VAWA casts a long shadow over the Duke fiasco
By Carey Roberts
Here's the dirty little secret of D.A.s who prosecute sexual assault and domestic violence cases: many of the claims they pursue are as flaky as a pie crust and their chances of winning a jury conviction are slim. So why do they bother to go after the case?
Because – get ready for this -- they believe "we are encouraging abused women to come forward and confront their oppressors."
So according to that neo-Marxist logic, if we want to get really tough on say, bank robbers, what we need to do is randomly accuse innocent persons of burglary and then parade them through the streets, denouncing them for a crime they did not commit.
Of course, rape is a terrible crime. Equally terrible are false allegations of rape.
According to Linda Fairstein, former head of the New York County District Attorney's Sex Crimes Unit, "There are about 4,000 reports of rape each year in Manhattan. Of these, about half simply did not happen."
But sadly, many innocent men have been wrongfully put behind bars. Just last week Jerry Miller of Chicago was exonerated after serving 24 years for a rape he didn't commit. His release helped inspire a national campaign dubbed "200 Exonerated, Too Many Wrongfully Convicted," an effort designed to spur state reforms of the criminal justice system.
Many persons have heard of the Violence Against Women Act -- VAWA for short. But most are unaware of the extent to which VAWA-mandated programs have biased our judiciary and chipped away at the presumption of innocent until proven guilty.
VAWA's tentacles reach deep and wide, reshaping our nation's laws on immigration, welfare, and public housing. The Act defines domestic violence broadly, so sexual assault and rape fall within its purview. VAWA authorizes $50 million each year for its Sexual Assault Services Program, which contributed to the Duke fiasco in many ways.
First, VAWA pays the legal bills of alleged victims of sexual assault. Want to guess how much money goes to help men accused of rape? Nada.
That sets the stage for a prosecutorial shake-down that works like this: Find a guy who can't afford a million-dollar legal defense team. Smear his good name with an accusation of rape. Then settle for a plea bargain conviction on a lesser count of sexual assault. The attorneys get their money and the D.A. can add another notch to his (or her) belt.
Second, did you wonder why Michael Nifong never required accuser Crystal Gail Mangum to take a polygraph test? Simple: the Violence Against Women Act prohibits it. Section 2013 states, "no law enforcement officer, prosecuting officer, or other government official shall ask or require an adult, youth, or child victim of an alleged sex offense … to submit to a polygraph examination or other truth telling device."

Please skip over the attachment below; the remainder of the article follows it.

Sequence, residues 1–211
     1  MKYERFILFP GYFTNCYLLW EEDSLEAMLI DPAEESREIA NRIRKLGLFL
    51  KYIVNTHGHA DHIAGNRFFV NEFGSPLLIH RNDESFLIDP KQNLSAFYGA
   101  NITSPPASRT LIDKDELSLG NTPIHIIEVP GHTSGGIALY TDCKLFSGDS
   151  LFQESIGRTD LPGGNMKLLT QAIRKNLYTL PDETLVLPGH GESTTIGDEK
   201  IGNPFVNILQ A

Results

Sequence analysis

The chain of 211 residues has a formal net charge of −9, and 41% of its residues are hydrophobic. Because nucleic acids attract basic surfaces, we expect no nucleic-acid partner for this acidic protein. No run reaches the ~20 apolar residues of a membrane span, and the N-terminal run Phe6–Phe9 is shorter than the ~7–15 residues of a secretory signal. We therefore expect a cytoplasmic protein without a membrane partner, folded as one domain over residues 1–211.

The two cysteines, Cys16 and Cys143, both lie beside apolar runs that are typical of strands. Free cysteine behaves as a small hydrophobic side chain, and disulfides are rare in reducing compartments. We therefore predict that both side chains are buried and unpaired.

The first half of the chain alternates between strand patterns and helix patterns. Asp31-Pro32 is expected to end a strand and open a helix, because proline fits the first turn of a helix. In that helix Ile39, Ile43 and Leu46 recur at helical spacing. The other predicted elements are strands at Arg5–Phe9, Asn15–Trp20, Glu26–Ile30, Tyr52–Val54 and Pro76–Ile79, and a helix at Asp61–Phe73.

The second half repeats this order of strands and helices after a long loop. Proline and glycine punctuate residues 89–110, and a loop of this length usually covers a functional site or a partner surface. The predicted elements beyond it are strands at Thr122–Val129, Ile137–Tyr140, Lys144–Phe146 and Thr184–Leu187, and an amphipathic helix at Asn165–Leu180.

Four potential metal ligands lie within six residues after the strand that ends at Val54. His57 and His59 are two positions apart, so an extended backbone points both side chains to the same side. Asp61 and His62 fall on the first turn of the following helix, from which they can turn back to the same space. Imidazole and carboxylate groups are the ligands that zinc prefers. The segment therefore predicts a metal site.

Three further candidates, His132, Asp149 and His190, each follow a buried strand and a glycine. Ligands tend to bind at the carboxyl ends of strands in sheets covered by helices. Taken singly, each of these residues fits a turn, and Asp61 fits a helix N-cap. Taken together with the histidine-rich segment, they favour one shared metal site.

Third, VAWA funds training programs for prosecutors, judges, and law enforcement personnel. To say the content of these programs lacks a scientific basis is generous.
This past November the West Virginia Coalition Against Domestic Violence sponsored a conference. First one of the speakers made light of a Florida incident in which a young man was sexually assaulted by a female teacher. The presenter then turned around and used the terms "scum bag" and "douche bag" to refer to men accused of abuse.
At an earlier New Jersey training session, one presenter openly encouraged judges to ignore due process protections: "Your job is not to become concerned about all the constitutional rights of the man that you're violating as you grant a restraining order. Throw him out on the street, give him the clothes on his back, and tell him, ‘See ya' around.'"
Fourth, VAWA's overly-aggressive prosecution measures have been found to be flatly ineffective in stopping abuse. Still, these measures have instilled a legal of climate of "every man is a potential rapist" – ignoring the equally ridiculous corollary that "every woman is a potential false accuser."
Fifth, VAWA's unstated belief that women can only be victims dissuades prosecutors from going after false accusers. As Massachusetts district attorney David Angier once argued, "If anyone is prosecuted for filing a false report, then victims of real attacks will be less likely to report them."
And failing to prosecute women who make malicious accusations only means that men will continue to be falsely accused, charged, prosecuted, convicted, sentenced, and jailed.
Carey Roberts is a Staff Writer for The New Media Alliance. The New Media Alliance is a non-profit (501c3) national coalition of writers, journalists and grass-roots media outlets.